Dolphin trade draws spotlight on Cuba
Nation defends exports; activists decry practice and cite risks to species
By TRACEY EATON / The Dallas Morning News
HAVANA – Cuba's dolphin-export business is in the spotlight again after U.S. authorities fined a Nevada physician $70,000 for buying six dolphins from the socialist nation.
Graham Simpson, 53, has said he didn't think the purchase was illegal because he wasn't living in the United States at the time.
U.S. authorities say any American who does business with Cuba risks up to 10 years in prison and fines of $250,000 and up.
Not all animal-protection activists agree with or even care about the U.S. ban on trade with Cuba. But they say that if it helps them free even a single dolphin, they're glad to see it enforced.
The U.S. fining of Mr. Simpson in August "sends a message to other U.S. citizens. If they buy dolphins, they will also be prosecuted," said Ric O'Barry, a former dolphin trainer on Flipper, the 1960s television show.
Cuba is a leading exporter of wild-caught bottlenose dolphins. Many are sold to aquatic parks where tourists pay as much as $150 to swim with them.
Animal-rights activists object to the business, which has quickly become a billion-dollar enterprise.
"Dolphins are routinely injured, suffer heart attacks or drown in capture nets," said Gwen McKenna, 50, a Toronto activist. "Many dolphins die from stress-related illnesses."
Guillermo García, director of the National Aquarium of Cuba, said he's as worried about dolphins as anyone.
Tens of thousands die in fishing nets every year, he said, thumbing through articles on dolphin deaths and abuse. Pollution kills others. And don't forget, he said, the 200 dolphins taken from waters off the Solomon Islands in 2003.
He questioned why activists target Cuba.
"There are no more than 20 captive dolphins in Cuba, but there are more than 900 in the United States," he said. "Why is there such an extreme preoccupation with dolphins in Cuba?"
As some activists see it, no country should be in the dolphin business.
But even they wonder whether Cold War politics, bad intentions or bad information has led to some outlandish claims about Cuban dolphins.
A November 2003 article called "Torture a Cuban dolphin in your own bathtub!" said Cuban marine scientists were injecting dolphins with the AIDS virus to see if the animals would produce antibodies.
Adding to the intrigue, Celia Guevara, daughter of legendary Argentine rebel Che Guevara, was allegedly leading the effort, wrote Carlos Wotzkow, a Cuban exile living in Switzerland.
Mr. O'Barry, who has traveled to Cuba to try to convince officials to stop selling dolphins, seriously doubts that the accusations are true.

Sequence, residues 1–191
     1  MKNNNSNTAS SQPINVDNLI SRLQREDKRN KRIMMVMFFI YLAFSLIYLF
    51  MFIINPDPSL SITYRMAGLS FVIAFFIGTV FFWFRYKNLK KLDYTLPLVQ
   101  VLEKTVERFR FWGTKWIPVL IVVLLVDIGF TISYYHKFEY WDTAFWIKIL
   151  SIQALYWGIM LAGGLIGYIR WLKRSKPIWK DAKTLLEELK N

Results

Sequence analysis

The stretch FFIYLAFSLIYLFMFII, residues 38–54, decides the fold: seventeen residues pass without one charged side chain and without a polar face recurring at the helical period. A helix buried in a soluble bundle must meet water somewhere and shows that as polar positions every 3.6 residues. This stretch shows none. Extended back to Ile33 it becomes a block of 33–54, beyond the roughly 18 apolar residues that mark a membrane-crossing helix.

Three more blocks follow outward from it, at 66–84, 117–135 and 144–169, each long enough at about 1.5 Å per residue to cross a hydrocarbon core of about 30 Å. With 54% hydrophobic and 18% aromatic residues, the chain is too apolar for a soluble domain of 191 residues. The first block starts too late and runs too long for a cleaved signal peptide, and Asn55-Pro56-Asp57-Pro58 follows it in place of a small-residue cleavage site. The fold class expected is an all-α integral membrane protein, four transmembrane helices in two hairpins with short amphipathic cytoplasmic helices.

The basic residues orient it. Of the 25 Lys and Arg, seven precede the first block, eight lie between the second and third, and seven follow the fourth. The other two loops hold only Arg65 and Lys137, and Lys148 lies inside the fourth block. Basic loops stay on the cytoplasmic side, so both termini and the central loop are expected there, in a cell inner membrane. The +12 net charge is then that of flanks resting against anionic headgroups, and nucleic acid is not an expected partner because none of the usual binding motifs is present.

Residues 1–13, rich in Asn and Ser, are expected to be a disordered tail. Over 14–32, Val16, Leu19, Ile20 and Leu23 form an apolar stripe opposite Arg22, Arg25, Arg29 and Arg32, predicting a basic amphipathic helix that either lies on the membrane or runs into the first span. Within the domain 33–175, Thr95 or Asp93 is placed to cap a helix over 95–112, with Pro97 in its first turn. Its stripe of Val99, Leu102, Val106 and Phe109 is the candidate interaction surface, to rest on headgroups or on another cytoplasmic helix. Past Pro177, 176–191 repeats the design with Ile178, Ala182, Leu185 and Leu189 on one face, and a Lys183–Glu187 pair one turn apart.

Mr. Wotzkow couldn't be reached for comment. He wrote that he learned of the purported AIDS program while going to the aquarium to collect marine specimens for the National History Museum in Havana, where he once worked.
Cuban scientists have experimented with sharks to find medicines for humans, but no such work is done on dolphins, said Maida Montolio, assistant science director at the Havana aquarium.
"That's foolishness," she said.
She added that Ms. Guevara, a chief veterinarian at the aquarium, is a "magnificent professional. And she doesn't deserve to have those things said about her."
The aquarium in Havana's Miramar neighborhood has drawn more than 20 million visitors since it opened in 1960. It features 74 tanks and exhibits containing fish and other marine life, but the dolphin and sea-lion shows are the biggest attractions.
Ticket prices are low – less than 20 cents per person – so all Cubans can afford to visit. The goal is to educate, not make money, Ms. Montolio said.
For several years now, workers have been renovating the facility and plan to add exposition halls, a museum, an underwater reef exhibit and more.
"It's a way to raise the quality of life of the Cuban populace," Mr. García said. "The dolphins help us with all of that."
Profits from dolphin exports go toward aquarium expenses, maintenance and expansion, he said.
From 1995 to 2000, activists say, Cuba sold more than 80 dolphins, outpacing Russia, with 65, and Indonesia, with 42.
"Cuba and Russia export the largest number of dolphins," Ms. McKenna said, "because both countries are experiencing economic hardship and view dolphins as a disposable commodity that foreigners are willing to pay big bucks for."
Dolphins can fetch $20,000 to $60,000.
Mr. Simpson has since gotten out of the dolphin business. But the activists aren't through and are targeting a string of aquatic parks in Mexico and the Caribbean.
These companies are the "McDonald's of the captive dolphin trade," Mr. O'Berry said, and have anywhere from 33 to 70 Cuban dolphins.
"Simpson," he said, "is small potatoes."